Heat sources should be turned off at night.
Best humidity levels for Pacific blue-tailed skinks
Pacific blue-tailed skinks are a tropical species, so the humidity inside their enclosure should be fairly high: an average of 60-80% during the day, and up to 100% at night. Humidity should be measured via digital probe hygrometer, with the probe placed in the middle of the terrarium.
Increase humidity by misting your skink’s enclosure 1-2x/day with a spray bottle. Mist first thing in the morning and then again at night if needed. Aside from raising humidity, this also provides your pet with an important source of drinking water! If you need extra humidity help, use a cool mist fogger at night.
Best substrate for Pacific blue-tailed skinks
Providing a layer of naturalistic substrate (“bedding”) will help maintain correct humidity levels and also helps make your enclosure more attractive! We recommend the following substrates for Pacific blue-tailed skinks:
- Zoo Med Eco Earth
- Zoo Med ReptiSoil
- Exo Terra Plantation Soil
- Zilla Jungle Mix
Layering clean, chemical-free leaf litter on top of the substrate can also help with humidity.
Substrate should be at least 2” deep and completely replaced every 3-4 months. Remove poop and urates daily, along with contaminated substrate.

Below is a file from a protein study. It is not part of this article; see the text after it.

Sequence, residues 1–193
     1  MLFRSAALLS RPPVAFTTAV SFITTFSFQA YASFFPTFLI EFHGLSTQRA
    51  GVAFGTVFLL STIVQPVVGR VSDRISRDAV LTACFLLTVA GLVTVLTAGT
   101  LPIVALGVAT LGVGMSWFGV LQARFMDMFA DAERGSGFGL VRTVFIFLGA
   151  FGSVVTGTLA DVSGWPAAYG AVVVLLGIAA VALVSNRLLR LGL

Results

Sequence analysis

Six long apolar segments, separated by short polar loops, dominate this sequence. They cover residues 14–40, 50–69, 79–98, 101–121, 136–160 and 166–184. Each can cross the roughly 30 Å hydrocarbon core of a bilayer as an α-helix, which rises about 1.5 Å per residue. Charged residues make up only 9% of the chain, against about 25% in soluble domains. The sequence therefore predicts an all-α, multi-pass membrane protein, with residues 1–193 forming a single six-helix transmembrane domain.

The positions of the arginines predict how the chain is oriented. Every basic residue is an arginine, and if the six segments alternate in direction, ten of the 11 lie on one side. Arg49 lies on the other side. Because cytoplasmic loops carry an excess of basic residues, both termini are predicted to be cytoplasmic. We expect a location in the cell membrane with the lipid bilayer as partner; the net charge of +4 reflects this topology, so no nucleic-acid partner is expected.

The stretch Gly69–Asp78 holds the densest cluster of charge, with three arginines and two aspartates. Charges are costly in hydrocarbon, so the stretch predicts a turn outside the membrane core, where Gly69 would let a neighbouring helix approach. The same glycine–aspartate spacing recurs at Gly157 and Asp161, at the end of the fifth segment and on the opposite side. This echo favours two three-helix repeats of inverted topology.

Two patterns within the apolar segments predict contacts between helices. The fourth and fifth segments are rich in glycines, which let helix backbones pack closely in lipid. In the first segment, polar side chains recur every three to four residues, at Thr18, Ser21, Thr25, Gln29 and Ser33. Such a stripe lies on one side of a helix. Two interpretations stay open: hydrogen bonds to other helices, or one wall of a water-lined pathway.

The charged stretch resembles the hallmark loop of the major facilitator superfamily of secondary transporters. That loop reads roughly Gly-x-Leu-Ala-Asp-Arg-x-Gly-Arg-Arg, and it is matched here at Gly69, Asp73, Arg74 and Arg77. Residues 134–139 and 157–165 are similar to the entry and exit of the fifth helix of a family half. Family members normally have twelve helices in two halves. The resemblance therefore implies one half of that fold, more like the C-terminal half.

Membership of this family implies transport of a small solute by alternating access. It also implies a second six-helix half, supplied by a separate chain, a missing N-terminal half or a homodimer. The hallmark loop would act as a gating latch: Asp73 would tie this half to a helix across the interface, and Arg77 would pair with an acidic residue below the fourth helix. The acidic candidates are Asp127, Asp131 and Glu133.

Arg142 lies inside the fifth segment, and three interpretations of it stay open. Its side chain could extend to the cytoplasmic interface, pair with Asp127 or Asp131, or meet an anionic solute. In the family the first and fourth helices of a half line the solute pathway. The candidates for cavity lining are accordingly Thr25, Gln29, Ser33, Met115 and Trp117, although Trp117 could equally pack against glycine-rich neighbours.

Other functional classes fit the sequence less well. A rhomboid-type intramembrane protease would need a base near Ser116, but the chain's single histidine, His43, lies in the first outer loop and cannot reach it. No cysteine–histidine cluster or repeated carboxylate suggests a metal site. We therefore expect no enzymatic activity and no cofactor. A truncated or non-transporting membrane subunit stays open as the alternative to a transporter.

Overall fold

How to decorate a Pacific blue-tailed skink terrarium
An empty terrarium makes for a bored skink, reducing its quality of life. Keep your pet entertained and engaged with its environment with the strategic use of décor items that encourage it to exercise natural behaviors!
Since Pacific blue-tailed skinks are semiarboreal, at bare minimum you will need a branch for your skink to climb and bask on and some live or artificial foliage for it to hide in. However, it’s best to include other items, such as:
What to feed to a Pacific blue-tailed skink
Pacific blue-tailed skink are insectivores, which means that they need to get the majority of their nutrition from insects. Juveniles should be fed daily, while adults can be fed every other day. Offer as many insects as the skink will eat in a ~5 minute period. For best results, offer as wide of a variety of prey as possible.
You will also need calcium and vitamin supplements to help keep your skink healthy. We recommend Repashy Calcium Plus LoD, lightly dusted on all feeder insects. It’s okay to occasionally skip a dusting.
How to handle your Pacific blue-tailed skink
Reptiles generally don’t appreciate petting and handling in the same way that dogs and cats do. Pacific blue-tailed skinks are one of the types of reptiles that are best to leave alone rather than attempt to handle regularly. If you want to interact with your pet, try hand-feeding it with a pair of feeding tweezers.
*This care sheet contains only very basic information. Although it’s a good introduction, please further your research with high-quality sources. The more you know, the better you will be able to care for your pet!
"File:Emoia caeruleocauda - Manado.JPG" by Ariefrahman is licensed under CC BY-SA 4.0.